Attempts to make “sustainable” jet fuel by using waste bagasse from Brazilian sugarcane

The global aviation industry hopes for over 4% growth per year, but gains in efficiency are around 1% per year. Hence the sector’s CO2 emissions will increase.  Attempts continue to be made to try and locate some sustainable sources of fuel, which could genuinely cause less carbon to be produced, over its whole life-cycle. This has so far been unsuccessful. For any fuel to be commercially viable, it has to use resources or land, which competes with human food. This is in part accounted for as ILUC (Indirect Land Use Change) effects. There are new claims that jet fuel could be made using sugarcane biomass, waste bagasse, and sugarcane could be grown on “marginal land.”  However, sugarcane would inevitably grow better on higher quality land, with more fertiliser and more water – and if that was applied, the land could be used for food. Often land termed marginal is, in reality, used by local people. The new enthusiasm for jet fuel involves using bagasse to make oils rather than ethanol. That inevitably means depletion of soil nutrients, as the plant waste is removed and not ploughed back into the soil. The team working on the sugar fuel hope their findings would ultimately be adopted by commercial fuel producers, and they have a patent on the technology.



Report by Friends of the Earth, in 2010, “Sugar cane and land use change in Brazil – Biofuel crops, indirect land use change and emissions”

The report concludes:
“6. Ethanol’s real carbon footprint

There is much controversy about the level of greenhouse gas
emissions from ethanol, even when only direct land use changes
are taken into account. The emissions caused by pesticide use,
cane straw burning, and by soil degradation, for example, mean
that emissions can increase.

When farmers move to the Amazon, trees and other vegetation are
burned or cleared to make way for pasture, reducing the capacity
to store and sequester carbon. As land is cleared, soil starts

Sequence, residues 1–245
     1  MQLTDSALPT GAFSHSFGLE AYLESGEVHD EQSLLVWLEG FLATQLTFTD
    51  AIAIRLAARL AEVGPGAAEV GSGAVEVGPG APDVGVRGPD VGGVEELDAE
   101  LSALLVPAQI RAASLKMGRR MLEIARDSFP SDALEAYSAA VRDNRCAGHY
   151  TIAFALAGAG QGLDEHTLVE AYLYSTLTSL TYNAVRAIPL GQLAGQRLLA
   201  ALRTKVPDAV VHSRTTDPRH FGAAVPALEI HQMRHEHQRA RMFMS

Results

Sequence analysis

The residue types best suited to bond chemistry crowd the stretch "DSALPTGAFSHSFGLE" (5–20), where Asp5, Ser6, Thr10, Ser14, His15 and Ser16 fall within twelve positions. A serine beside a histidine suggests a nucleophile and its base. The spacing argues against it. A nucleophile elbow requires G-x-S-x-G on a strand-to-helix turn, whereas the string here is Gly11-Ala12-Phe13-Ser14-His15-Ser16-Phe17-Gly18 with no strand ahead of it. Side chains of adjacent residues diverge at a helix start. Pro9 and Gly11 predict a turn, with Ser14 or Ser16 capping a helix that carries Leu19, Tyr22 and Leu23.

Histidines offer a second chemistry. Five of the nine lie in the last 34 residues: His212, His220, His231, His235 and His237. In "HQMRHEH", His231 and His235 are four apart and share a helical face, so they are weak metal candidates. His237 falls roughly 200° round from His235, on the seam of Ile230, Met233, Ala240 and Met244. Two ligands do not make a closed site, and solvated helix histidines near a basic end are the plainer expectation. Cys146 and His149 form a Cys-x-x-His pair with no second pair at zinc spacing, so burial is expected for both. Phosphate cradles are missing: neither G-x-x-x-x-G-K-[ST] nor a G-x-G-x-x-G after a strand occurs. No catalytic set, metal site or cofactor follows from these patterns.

oxidizing, releasing massive amounts of stored carbon. While
precise calculations are difficult, emissions from indirect land use
change are significant.

New research has found that emissions from indirect land-use
change (ILUC) could indeed be greater than the carbon savings from
biofuels in Brazil, “creating a carbon debt that would take about
250 years to be repaid using these biofuels instead of fossil fuels”.

Expansion into the Amazon also has wider impacts, with increased
cattle farming likely to lead to an increased likelihood of logging,
soybean planting and new illegal roads which in turn open up new
areas of forest.

Given that ILUC causes significant greenhouse gas emissions,
EU policy must take a precautionary approach.

7. Conclusion

The use of ethanol instead of petrol is clearly leading to economic,
social and environmental problems, which seriously undermine
the supposed benefits of sugar cane. Indirect land use change as
a result of expanding sugar cane plantations is leading to a
substantial increase in greenhouse gas emissions, perhaps causing
even more emissions than fossil fuels.”


Researchers find sweet source for aviation biofuel

Global emissions from aircraft are forecast to continue to grow until the middle of the century

Researchers have identified a new way to produce aviation fuel from sugarcane biomass that could deliver substantial cuts in greenhouse gas emissions.

The source crops could be grown on marginal land, avoiding displacing food production, the team observed.

They added the development of renewable liquid fuels was critical to reduce global reliance on petroleum and help mitigate climate change.

The findings appear in the Proceedings of the National Academy of Sciences.

Biofuel sweetspot